After causing three million gallons of toxic waste to spill into a Colorado river, we’re still waiting for EPA to hold itself to a “higher standard."
In August 2015, EPA workers caused mine waste to burst from Colorado’s Gold King Mine into the Animus River, turning it a sickly yellow and polluting water supplies in three states.
After EPA’s Office of Inspector General sent the Justice Department what it thought was evidence of criminal wrongdoing, federal prosecutors chose not to prosecute, leaving any possible punishments against government employees to EPA, the Denver Post reports:
The U.S. Attorney in Denver will not prosecute an Environmental Protection Agency employee involved in the Gold King Mine disaster, leaving it to the agency to determine administrative action against the employee.
A decision made Oct. 6 was based on information submitted by the EPA’s Office of Inspector General to federal prosecutors after a year-long internal probe.
Instead of a criminal prosecution, the EPA’s internal investigators “will submit a report of an investigation to the agency that details the findings of our investigation,” OIG spokesman Jeff Lagda said in response to queries.
“The agency, not the OIG, will then determine what administrative action they may take against the employee based on that report,” Lagda said. “The EPA will have to report to the OIG what administrative action the EPA will undertake.”
Soon after the spill last year, EPA Administrator Gina McCarthy vowed, “We are holding ourselves to a higher standard than we would hold other responsible parties.” But earlier this year, McCarthy talked down the damage done by her agency. State officials were not pleased.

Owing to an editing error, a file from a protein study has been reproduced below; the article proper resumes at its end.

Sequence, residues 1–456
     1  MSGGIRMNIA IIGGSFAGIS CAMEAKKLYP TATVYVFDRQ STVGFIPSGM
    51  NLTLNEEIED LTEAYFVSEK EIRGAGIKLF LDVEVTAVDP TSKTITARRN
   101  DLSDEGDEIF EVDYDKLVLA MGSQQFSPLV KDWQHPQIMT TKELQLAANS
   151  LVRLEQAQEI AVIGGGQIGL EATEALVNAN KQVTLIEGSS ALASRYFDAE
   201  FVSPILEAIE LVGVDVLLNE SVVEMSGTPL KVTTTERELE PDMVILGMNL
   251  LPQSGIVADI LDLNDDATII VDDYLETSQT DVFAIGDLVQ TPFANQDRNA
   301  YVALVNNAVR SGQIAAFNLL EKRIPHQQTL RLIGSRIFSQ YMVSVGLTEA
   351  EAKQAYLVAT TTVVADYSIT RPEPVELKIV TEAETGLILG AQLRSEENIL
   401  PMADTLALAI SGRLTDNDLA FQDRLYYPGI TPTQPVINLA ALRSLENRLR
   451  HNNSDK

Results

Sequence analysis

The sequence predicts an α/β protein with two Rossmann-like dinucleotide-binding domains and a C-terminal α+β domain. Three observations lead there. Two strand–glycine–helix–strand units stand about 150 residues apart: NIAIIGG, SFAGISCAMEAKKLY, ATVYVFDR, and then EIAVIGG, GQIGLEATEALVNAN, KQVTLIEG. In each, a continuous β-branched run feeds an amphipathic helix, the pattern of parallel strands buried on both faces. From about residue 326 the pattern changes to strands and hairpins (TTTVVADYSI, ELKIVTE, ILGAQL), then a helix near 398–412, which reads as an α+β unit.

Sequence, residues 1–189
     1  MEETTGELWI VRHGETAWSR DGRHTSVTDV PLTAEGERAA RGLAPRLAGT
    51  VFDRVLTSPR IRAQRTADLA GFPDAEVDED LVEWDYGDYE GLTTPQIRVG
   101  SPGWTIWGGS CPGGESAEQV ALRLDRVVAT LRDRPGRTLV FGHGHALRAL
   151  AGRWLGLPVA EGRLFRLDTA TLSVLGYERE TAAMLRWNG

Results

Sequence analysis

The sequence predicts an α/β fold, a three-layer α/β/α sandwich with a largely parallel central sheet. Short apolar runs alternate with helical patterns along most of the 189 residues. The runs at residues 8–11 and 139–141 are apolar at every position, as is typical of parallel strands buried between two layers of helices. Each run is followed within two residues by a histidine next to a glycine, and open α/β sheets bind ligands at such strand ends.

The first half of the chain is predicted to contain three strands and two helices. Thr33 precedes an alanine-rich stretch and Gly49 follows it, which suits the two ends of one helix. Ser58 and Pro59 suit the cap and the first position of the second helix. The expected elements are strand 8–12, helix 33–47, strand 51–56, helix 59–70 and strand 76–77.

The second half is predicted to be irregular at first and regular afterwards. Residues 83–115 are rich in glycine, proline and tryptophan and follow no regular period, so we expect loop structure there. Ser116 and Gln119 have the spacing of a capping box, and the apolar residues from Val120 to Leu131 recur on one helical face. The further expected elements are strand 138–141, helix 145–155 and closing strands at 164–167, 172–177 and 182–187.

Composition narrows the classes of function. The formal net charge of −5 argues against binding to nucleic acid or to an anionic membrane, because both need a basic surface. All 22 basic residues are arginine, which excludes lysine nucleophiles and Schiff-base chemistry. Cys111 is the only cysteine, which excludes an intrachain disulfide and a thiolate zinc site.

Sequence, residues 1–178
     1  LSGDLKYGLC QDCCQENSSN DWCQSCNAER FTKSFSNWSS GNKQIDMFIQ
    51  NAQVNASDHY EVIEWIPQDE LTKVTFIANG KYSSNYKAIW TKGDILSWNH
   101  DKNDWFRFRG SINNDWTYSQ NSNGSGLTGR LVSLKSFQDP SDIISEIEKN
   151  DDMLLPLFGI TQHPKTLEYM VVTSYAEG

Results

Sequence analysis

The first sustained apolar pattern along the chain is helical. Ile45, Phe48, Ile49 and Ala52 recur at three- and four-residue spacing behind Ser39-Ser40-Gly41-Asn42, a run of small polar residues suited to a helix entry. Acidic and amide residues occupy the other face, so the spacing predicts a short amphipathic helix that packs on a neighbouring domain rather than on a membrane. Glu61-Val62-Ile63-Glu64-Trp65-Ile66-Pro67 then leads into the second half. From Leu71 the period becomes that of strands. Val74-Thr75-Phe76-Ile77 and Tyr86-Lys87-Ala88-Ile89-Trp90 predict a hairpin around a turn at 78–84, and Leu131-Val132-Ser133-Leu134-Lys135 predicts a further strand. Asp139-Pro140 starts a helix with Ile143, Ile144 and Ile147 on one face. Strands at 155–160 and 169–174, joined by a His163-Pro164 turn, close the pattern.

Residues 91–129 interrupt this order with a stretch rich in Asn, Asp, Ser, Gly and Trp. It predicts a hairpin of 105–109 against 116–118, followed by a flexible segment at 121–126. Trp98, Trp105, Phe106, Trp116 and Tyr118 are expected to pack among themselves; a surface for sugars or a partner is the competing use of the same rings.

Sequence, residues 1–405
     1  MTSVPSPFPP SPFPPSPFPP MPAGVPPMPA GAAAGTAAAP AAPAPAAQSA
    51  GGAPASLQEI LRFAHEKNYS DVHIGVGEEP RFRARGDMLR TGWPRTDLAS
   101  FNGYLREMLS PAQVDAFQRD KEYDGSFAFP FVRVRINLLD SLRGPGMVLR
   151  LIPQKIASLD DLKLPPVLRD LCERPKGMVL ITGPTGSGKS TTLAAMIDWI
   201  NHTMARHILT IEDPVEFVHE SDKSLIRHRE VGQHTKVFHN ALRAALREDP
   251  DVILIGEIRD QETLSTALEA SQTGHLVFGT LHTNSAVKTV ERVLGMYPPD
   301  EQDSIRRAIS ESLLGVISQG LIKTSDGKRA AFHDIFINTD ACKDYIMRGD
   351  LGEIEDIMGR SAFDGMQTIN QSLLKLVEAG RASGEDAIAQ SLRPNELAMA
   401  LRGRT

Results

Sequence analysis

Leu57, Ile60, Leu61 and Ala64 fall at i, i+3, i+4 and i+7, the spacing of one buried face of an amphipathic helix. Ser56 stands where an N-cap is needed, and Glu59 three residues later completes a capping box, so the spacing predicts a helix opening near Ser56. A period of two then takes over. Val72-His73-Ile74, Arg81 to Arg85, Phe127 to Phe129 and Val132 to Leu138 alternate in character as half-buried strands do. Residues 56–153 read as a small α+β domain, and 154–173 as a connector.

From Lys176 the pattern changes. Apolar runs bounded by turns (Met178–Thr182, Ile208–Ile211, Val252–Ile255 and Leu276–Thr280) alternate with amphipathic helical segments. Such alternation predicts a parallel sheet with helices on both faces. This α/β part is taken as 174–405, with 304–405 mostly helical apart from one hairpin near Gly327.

There have been plenty of investigations. None made EPA look good.
An EPA internal investigation found that the spill was “likely inevitable” because workers onsite didn’t take water pressure readings from inside the abandoned mine.
Why? Because EPA felt it “would have been quite costly and require much more planning and multiple field seasons to accomplish.”
Internal EPA investigators also noted that the agency didn’t plan for the possibility of a spill that could threaten a river popular with tourists and a necessity for farmers and local residents.
The Interior Department’s investigation was just as tough. It chastised EPA for having “little appreciation for the engineering complexity” and for having “a general absence of knowledge of the risks associated with these [abandoned mining] facilities.”
Then there was the OIG investigation that referred its findings to federal prosecutors. The Hill reports, "OIG found that the unnamed employee may have broken federal water pollution law and may have made false statements to law enforcement officials regarding the Gold King Mine spill."
What if a private party and not EPA were responsible? EPA would throw the book at them, as they do all the time:
- Earlier this year, America’s oldest brewery, Yuengling, agreed to a $2.8 million settlement and $7 million in improvement costs over Clean Water Act violations.
- To protect his land from being washed away from future flooding, an Oregon farmer faces $100 million in fines for building a retaining wall near a river without an EPA permit after consulting with the Army Corps of Engineers.
And anyone lying to the agency would be in serious trouble.
It should be noted that EPA has paid out more than $5 million to state and local governments to reimburse them for emergency response expenses. But is that the "higher standard" Administrator McCarthy promised?
Anyone public or private should be held accountable for violating federal rules and environmental damage they cause.
EPA “will not hesitate” to vigorously hold private parties accountable for breaking environmental laws, but will it do the same to itself? It’s been over a year since the spill, and we’re still waiting.
This is something to think about if EPA's Waters of the U.S. (WOTUS) rule survives its court challenge (hopefully not), and the agency is allowed to enlarge its authority over land use by claiming jurisdiction over waters, including ditches, canals, ponds, and wetlands, as far as 4,000 feet from a navigable water.